Entry for November 17, 2006

Photo of Wilbur Ross and his wife Hiliary (the two on the left) from a gala at La Cirque 2000 honoring “King of Couture” Arnold Scaasi (that’s Isaacs spelled backwards!) from the November 2004 issue of  The Hamtons Sheet.


The Hamptons has become a global symbol of glamour, celebrity, and success: a constant whirl of social events for the world’s most famous names and faces in entertainment and the arts, media, business, politics, and A-list society.

And lest you think that the Sago disaster has sobered his lifestyle, the New York Social Diary featured his picture from the Whitny Gala October 23.  Not to mention on October 10

up at the Sherry-Netherland Hilary and Wilbur Ross were throwing a big cocktail party in their spanking-practically-new Mario Buatta designed apartment for the Parrish Art Museum of Southampton which is having its big autumn gala out there next weekend. Missed that one too. 

Wilbur’s on my mind again because Wednesday, Mark Reutter, author of Making Steel, emailed me saying he had read on the  breaking news at the Charleston Gazette that

This afternoon, billionaire Wilbur Ross was added to the lawsuit by the families of the dead Sago W.Va. miners

Ken Ward, Jr.  had filed a story at 3:56 p.m., “New Sago disaster lawsuits name Ross as defendant,”   available now  via Google’s cache.

Six new lawsuits were filed Wednesday on behalf of the families of miners killed in the Sago Mine disaster, and this time the families have name New York billionaire Wilbur Ross as a defendant.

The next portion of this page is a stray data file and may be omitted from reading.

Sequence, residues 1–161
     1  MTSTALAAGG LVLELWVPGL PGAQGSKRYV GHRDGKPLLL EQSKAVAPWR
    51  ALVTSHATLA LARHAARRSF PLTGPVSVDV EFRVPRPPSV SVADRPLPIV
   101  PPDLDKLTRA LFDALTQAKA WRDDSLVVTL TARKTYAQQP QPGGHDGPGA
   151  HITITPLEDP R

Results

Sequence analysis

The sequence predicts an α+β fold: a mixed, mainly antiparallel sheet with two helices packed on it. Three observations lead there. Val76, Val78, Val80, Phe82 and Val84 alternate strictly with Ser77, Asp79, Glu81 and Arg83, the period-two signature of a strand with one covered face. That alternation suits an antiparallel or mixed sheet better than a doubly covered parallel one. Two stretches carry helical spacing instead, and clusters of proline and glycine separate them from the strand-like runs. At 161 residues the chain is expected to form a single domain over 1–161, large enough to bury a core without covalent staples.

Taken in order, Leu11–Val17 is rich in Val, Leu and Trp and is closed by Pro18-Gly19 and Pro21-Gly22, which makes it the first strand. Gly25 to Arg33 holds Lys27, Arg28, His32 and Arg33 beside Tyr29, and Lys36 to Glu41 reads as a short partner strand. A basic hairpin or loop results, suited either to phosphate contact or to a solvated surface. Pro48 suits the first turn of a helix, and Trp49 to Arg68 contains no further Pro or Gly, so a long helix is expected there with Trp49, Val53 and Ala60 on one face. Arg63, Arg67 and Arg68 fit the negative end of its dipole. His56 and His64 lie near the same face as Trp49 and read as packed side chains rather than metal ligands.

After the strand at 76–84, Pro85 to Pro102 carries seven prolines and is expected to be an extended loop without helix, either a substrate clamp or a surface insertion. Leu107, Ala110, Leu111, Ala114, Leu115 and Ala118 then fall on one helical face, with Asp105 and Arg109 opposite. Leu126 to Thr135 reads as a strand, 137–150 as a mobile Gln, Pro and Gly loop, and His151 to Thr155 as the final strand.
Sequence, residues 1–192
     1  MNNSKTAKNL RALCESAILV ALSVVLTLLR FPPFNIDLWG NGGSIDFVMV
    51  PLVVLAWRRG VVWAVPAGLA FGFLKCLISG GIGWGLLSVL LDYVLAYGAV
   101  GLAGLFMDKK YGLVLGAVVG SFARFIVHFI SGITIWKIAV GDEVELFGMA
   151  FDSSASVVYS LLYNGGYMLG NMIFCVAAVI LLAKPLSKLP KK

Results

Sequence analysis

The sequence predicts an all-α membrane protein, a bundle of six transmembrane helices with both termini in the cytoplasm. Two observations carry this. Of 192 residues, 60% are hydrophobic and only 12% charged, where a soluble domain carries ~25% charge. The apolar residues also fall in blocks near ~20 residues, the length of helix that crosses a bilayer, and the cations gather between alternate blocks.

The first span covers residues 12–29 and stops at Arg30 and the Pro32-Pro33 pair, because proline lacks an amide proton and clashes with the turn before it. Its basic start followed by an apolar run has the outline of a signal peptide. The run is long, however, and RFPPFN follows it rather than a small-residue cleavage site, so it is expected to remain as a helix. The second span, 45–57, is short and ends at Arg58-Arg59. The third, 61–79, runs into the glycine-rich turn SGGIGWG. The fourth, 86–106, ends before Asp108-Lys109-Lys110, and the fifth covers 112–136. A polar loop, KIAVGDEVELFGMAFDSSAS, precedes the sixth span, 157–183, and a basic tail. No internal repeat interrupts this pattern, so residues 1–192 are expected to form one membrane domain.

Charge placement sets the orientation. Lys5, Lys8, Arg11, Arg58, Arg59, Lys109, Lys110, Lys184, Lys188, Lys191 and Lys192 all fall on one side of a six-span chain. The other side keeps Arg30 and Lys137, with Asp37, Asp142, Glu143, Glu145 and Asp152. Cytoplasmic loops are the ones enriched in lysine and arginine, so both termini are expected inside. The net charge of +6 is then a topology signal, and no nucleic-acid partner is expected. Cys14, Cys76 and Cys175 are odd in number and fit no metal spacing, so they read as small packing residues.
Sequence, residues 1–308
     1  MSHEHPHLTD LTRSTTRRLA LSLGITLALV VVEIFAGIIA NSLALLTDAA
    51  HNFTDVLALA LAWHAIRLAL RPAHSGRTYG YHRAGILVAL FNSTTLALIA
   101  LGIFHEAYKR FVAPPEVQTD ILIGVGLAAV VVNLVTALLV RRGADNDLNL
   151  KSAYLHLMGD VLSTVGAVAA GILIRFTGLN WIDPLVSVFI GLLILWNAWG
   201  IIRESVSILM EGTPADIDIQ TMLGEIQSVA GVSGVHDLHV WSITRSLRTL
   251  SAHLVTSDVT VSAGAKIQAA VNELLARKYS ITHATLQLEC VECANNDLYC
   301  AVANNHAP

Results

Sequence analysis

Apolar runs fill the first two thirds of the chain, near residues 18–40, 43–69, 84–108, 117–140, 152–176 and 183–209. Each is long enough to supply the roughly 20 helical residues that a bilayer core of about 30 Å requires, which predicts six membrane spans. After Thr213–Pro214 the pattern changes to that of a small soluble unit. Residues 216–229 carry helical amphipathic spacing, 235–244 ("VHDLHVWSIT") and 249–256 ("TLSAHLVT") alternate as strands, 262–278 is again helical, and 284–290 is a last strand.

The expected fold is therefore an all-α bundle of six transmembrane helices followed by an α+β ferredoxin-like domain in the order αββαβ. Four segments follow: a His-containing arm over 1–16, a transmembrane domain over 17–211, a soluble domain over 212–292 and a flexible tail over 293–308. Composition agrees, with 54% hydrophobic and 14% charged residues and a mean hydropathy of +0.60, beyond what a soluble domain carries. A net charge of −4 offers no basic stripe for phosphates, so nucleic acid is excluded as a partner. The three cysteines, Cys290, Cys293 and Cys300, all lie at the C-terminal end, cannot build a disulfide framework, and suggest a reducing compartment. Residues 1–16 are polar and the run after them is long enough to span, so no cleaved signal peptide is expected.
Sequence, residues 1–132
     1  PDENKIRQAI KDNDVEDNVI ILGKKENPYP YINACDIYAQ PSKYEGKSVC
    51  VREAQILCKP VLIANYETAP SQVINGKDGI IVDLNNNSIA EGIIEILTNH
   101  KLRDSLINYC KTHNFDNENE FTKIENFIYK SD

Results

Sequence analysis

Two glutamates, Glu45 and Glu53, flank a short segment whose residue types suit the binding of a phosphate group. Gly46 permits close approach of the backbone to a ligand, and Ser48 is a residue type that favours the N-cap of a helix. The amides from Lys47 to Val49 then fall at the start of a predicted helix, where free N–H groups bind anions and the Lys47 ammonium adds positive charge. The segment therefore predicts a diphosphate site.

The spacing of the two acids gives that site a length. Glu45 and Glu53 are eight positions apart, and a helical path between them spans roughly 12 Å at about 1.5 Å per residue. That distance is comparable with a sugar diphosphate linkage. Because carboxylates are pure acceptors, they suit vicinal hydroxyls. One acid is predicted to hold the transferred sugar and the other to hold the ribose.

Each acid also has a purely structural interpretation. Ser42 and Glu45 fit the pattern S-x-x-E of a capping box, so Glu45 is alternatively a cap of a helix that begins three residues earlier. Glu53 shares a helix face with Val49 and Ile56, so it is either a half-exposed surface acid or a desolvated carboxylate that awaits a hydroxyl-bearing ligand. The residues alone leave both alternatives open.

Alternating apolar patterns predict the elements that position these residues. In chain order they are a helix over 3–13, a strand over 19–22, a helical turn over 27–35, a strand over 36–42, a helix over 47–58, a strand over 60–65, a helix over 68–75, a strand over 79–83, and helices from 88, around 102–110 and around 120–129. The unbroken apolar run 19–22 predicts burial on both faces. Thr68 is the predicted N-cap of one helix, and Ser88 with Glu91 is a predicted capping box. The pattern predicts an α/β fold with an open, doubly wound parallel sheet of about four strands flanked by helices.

The suits were filed in Kanawha Circuit Court on behalf of the estates of Sago miners Tom Anderson, Jerry Groves, George Junior Hamner, Terry Helms and Fred Ware, and on behalf of the adult daughter of Sago victim James Bennett….Several additional cases were also expected to be filed before the close of business Wednesday.

 The Circuit Court does not have online copies of the suits, WBOY-TV has posted State Journal reporter Juliet Terry (emailaccount of the August suits with copies of the suits, but  there’s nothing there yet on the newest suits.  Mark, however, sent me a pdf file,  which he made available at his website, along ith his story analyzing the press coverage and lack of mention of Ross’s name by the New York Time  and other major papers.

There’s one small addition to his story, I’d add:  Vickie Smith’s AP story  story appeared at  The USA Story 3:44 p.m. with the Ross reference intact under the title Sago miners families sue.

Maybe we should write letters to the New York Times, the Washington Post and the LA Times  mentioning the ommission.  Likewise kudos to the Houston Chronicle and others who printed the story intact, including, even Forbes Magazine’s site.

*

Novemeber 9, in his usual attention to follow-up,  Ken Ward Jr.  had written about the latest developments on the Sago mine disaster suits  in his story, Judge blocks Sago suit action.”